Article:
Commissioned for the calendar entitled ‘The Future’ by Sharman & Company, news paper printers on 25th August 1983. The art director didn’t like the old car a Vauxhall Vellox which was in the print Hag had made for the original version, the album cover for ‘Secret Messages’ by Electric Light Orchestra. Hag said he would cover it placing his hand over the car. The art director was somewhat surprised when first seeing this finished picture that Hag meant literally adding his hand. The full title comes from the two fishes added to the left on the sidewalk, or pavement being Rochdale Lancashire UK.
Early proofs with the back of the sleeve without any track listings
The ELO cover was designed by David Costa of Jubilee Graphics, later Wherefore Art and photographed by Hag. The foreground contains figures made from picture library slides of obscure classical paintings (for copyright reasons). Hag created the cover photograph from the 9th to 13th December 1982 in black & white. Kim Harris then hand tinted the image completing the work on 19th January 1983. The gold frame was then composited using transparency material by Studio 10 London UK. A small portion of the car mentioned above is visible below and to the right of the members of the band in the second floor windows.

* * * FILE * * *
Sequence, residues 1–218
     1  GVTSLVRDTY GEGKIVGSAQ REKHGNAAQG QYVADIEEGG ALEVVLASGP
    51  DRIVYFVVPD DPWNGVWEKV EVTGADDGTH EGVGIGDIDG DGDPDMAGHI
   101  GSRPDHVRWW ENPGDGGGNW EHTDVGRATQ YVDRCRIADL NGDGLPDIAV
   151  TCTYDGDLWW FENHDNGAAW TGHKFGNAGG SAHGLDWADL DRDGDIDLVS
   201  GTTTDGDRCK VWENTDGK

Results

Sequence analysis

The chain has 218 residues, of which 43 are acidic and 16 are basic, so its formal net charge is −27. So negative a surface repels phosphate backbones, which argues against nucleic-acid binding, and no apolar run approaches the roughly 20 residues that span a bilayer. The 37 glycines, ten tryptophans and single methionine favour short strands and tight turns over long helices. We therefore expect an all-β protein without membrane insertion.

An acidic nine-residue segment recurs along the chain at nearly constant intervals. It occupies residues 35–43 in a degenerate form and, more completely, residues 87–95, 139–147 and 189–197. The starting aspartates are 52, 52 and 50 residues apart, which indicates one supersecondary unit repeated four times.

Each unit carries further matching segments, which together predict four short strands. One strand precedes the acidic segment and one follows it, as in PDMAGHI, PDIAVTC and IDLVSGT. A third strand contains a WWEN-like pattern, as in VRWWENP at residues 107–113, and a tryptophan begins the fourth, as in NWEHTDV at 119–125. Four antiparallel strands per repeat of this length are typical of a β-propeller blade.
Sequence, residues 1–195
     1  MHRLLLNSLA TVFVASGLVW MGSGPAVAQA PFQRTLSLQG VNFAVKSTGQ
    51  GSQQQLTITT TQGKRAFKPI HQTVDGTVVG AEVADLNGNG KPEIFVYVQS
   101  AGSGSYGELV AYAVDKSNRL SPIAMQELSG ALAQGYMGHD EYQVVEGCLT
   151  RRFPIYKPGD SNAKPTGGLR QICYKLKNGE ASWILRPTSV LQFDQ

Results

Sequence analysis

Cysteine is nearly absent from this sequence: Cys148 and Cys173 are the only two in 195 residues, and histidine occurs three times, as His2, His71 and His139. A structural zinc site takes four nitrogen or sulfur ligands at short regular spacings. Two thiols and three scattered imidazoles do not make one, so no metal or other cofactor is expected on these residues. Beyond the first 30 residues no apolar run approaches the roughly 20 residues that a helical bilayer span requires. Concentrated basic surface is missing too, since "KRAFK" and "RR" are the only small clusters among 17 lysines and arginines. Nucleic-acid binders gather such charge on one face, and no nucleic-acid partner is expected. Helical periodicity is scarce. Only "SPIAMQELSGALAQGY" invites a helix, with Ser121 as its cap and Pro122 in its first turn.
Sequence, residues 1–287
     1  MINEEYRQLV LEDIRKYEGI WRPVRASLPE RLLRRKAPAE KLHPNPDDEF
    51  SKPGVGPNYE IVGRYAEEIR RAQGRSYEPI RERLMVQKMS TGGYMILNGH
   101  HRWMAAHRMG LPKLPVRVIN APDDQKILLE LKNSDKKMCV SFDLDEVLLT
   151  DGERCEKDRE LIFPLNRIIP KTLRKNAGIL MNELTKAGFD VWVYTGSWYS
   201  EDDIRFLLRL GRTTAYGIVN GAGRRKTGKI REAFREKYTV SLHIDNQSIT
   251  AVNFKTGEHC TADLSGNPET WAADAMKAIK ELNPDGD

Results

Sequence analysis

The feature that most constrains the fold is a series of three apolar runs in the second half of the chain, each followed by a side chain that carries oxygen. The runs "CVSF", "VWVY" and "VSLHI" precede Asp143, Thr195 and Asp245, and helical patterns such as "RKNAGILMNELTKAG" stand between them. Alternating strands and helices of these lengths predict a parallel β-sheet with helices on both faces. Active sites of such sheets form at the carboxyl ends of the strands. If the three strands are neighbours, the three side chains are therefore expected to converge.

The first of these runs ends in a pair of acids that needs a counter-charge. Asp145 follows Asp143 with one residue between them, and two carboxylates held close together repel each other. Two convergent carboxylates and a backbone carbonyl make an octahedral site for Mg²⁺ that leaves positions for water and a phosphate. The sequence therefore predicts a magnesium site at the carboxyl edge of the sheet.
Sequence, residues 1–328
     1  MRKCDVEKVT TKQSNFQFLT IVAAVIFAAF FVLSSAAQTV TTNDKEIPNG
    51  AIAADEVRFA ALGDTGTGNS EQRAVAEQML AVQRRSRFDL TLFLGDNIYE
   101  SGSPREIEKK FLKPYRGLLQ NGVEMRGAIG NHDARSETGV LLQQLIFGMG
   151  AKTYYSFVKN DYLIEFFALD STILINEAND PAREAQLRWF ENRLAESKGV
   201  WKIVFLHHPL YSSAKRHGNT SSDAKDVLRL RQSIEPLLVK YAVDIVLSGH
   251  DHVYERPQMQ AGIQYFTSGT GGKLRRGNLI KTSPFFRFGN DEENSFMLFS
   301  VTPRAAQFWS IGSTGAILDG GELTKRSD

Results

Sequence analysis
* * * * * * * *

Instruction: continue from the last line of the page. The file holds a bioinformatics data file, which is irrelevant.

Hag photographed the gold frame and picture frame back and supervised the colour composite adding the gold frame and engraved titles to the image. The back of the frame was photographed three times as the final track listings kept changing (see Wikipedia). The third time a blank panel was made as shown above so the track list could be added at the print stage in case of further changes.
‘One time I left my umbrella at a gallery opening – it started to drizzle and I had to go back. It changed my life. Casual decisions can have a dramatic effect on our experience. The future is unknown, the past we quantify for our own satisfaction. It’s not that the grass is greener, it’s that it’s green.’ (from Hags book ‘How Things Are’)
Combination print created by Hag by Combination printing. Surreal photography.